Although quite popular in fish stores, it should not be planted in a new aquarium. Another species, Echinodorus Cordifolius (formerly known as E. Radicans), is well suited for Corkscrew val. Val is a common name for Vallisneria – is probably the most popular in this group of rooted plants. Its narrow, ribbonlike leaves grow upward in spirals – hence the name corkscrew.
The plant grows wild in the southern part of the United States and is therefore well suited to the temperatures in a guppies aquarium. It grows quite well in normal aquarium water. However, because it has a very small rootstock, it should not be used until the aquarium has aged for a few months.
Various Sagittaria species, known by the common name sag, grow in most of the tropical and temperate zones of the world. Two have become quite popular in the aquarium trade, the most common being the dwarf sag (Sagittaria Subulata).
The narrow bladelike leaves grow to a length of 2 to 3 inches (5 to 7.5 cm). In strong light the plant quickly spreads by means of runners, forming a nice green carpet, so to speak, in the foreground of the aquarium.
The plant is extremely versatile in its water requirements and grows well in a nutrient-poor aquarium, because it has more of a rootstock than most other Vallisneria or Elgittario species. Sagittaria Graminea is the Other sag species commonly used in the aquarium. Its leaves are proportionately broader than those of the dwarf sag and reach a length of about 10 to 12 inches (25 to 31 cm). It too, grows welt in a medium that is not very rich in nutrients and in water of almost any composition.
Aquarium Banana Plant
The underwater banana plant is quite popular in the aquarium hobby. It is an American plant that grows in shallow water. The “bananas” are actually tubers that form the rhizome.
The plant is merely dropped to the bottom of the aquarium, where, after a while, it grows adventitious roots that anchor it in place. In weak tight, the plant grows round leaves, about 2 to 3 inches (5 to 7.5 cm) across on short stems In strong light, however, the stem grows to the surface, where it sprouts a round wide leaf that floats on the top of the water and looks like a miniature lily pad.
Because the plant contains so much stored food in the “bananas” it thrives quite well in a new aquarium.
Non rooted Bunched Plants
This group includes several large families of plants that take nearly all of their nourishment directly from the water, through their leaves.
They grow mostly adventitious roots. They are sold as cuttings that are bunched together and are usually planted in the aquarium that way. Some hobbyists prefer to let them just float free in the aquarium. Because they require a nutrient-rich environment, they usually fall apart quickly in a new aquarium and leave quite a mess.
Once the aquarium is sufficiently aged (about six months), Elodea (formerly called Anacharis) adapts quite well to the temperatures of a guppies aquarium. Its highly branched stems can grow to over 3 feet (1m), even in a small aquarium, by growing around the tank in a tangle.
The plants are useful as a background, because they can be trimmed to the height of the aquarium (which is true of most of the non-rooted plants). Elodea is a dark green color.
Popularly known as fanwort because the leaf whorls look like lacy fans spread around the stems, Cabomba is a very delicate plant that easily falls apart, especially in the presence of guppies, which are likely to nibble at it.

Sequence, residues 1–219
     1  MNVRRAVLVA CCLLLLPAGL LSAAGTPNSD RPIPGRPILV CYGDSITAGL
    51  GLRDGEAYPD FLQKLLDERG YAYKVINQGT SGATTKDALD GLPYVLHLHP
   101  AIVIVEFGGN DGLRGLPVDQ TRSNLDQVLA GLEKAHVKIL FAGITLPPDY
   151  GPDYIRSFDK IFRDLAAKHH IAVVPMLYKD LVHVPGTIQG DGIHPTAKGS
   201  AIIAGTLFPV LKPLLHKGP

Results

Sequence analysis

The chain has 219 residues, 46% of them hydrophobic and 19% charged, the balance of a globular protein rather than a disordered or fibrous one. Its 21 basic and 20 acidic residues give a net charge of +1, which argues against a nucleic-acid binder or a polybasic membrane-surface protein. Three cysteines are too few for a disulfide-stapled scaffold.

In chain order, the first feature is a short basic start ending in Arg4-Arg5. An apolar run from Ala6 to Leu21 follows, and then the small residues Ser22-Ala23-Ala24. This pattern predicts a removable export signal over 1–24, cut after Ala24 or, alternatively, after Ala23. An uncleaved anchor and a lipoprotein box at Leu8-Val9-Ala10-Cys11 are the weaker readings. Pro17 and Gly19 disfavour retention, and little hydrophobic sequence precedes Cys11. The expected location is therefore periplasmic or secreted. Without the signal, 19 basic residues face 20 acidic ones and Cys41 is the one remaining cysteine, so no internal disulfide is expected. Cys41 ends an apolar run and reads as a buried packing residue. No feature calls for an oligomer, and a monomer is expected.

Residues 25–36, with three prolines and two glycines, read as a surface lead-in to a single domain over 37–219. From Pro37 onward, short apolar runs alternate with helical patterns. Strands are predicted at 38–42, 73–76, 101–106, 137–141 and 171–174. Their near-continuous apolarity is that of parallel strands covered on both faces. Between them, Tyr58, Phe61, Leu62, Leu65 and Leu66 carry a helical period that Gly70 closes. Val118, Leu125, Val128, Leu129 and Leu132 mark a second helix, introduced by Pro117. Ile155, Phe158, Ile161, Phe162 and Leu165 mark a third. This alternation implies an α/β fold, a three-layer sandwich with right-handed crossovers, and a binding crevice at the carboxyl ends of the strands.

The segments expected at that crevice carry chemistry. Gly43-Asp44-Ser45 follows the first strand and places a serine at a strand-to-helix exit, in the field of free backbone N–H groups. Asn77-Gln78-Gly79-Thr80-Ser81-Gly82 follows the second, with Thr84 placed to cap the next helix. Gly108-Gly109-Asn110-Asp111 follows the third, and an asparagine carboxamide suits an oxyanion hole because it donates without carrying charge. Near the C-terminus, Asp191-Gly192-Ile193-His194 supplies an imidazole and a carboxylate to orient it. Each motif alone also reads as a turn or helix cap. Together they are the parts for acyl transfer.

Of all the bushy non-rooted plants. Myriophyllum, commonly known as water milfoil, is by far the hardiest. It can tolerate almost any aquarium conditions, as long as there is nutrient material in the water. Because of its extreme bushiness, long winding and branching stems, and its dark green color, it is an excellent background plant.
This is one of the most frequently seen cut, bunched plants. Its light-green leaves grow out of stem nodules in pairs, usually 180 degrees apart. Alternating leaf pairs grow perpendicular to one another, so looking down from the top of a stalk the leaves seem to come out in four directions 90 degrees apart.
The plant does not branch much, although branching can be promoted by pruning. The plant can tolerate most aquarium water and takes cool temperatures quite well.
When cuttings are planted in a moderately rich medium, they grow dense thickets of white roots It is assumed, therefore, that this plant takes some of its nourishment from the substrate as well as some directly from the water.
The plant is recommended as background if it is allowed to grow to the surface, and as foreground if it is trimmed short. Its only drawback is that it requires very strong tight. In weak light, it loses leaves.
Water wisteria, another easily grown, readily available species, fares better in medium light than Hygrophila Polysperma.
Frequently seen in aquarium stores. Ludwigia is very similar in all respects to Hygrophila, except that its leaves tend to take on a reddish color, especially on the underside. It should be handled the same way as Hygrophila, but it is even less tolerant of weak light.
The list in this post is far from complete, and once your guppies aquarium is well established, there are many other varieties of plants that can be used. No matter what plants you choose for your aquarium, in the end it all comes down to understanding what you are doing and being patient.
An aquarium full of flourishing plants cannot be established in a few weeks. It may take a year or more for the plant life in your aquarium to develop as you want it. The reward, however, is worth the wait, for if good maintenance practices are followed, it is not inconceivable that a well-planted aquarium can go on almost indefinitely without being broken down for a complete cleaning.
Hi, my name is Sean, and I’m the primary writer on the site. I’m blogging mostly about freshwater and saltwater aquariums, fish, invertebrates, and plants. I’m experienced in the fishkeeping hobby for many years. Over the years I have kept many tanks, and have recently begun getting more serious in wanting to become a professional aquarist. All my knowledge comes from experience and reading forums and a lot of informative sites. In pursuit of becoming a professional, I also want to inspire as many people as I can to pick up this hobby and keep the public interest growing.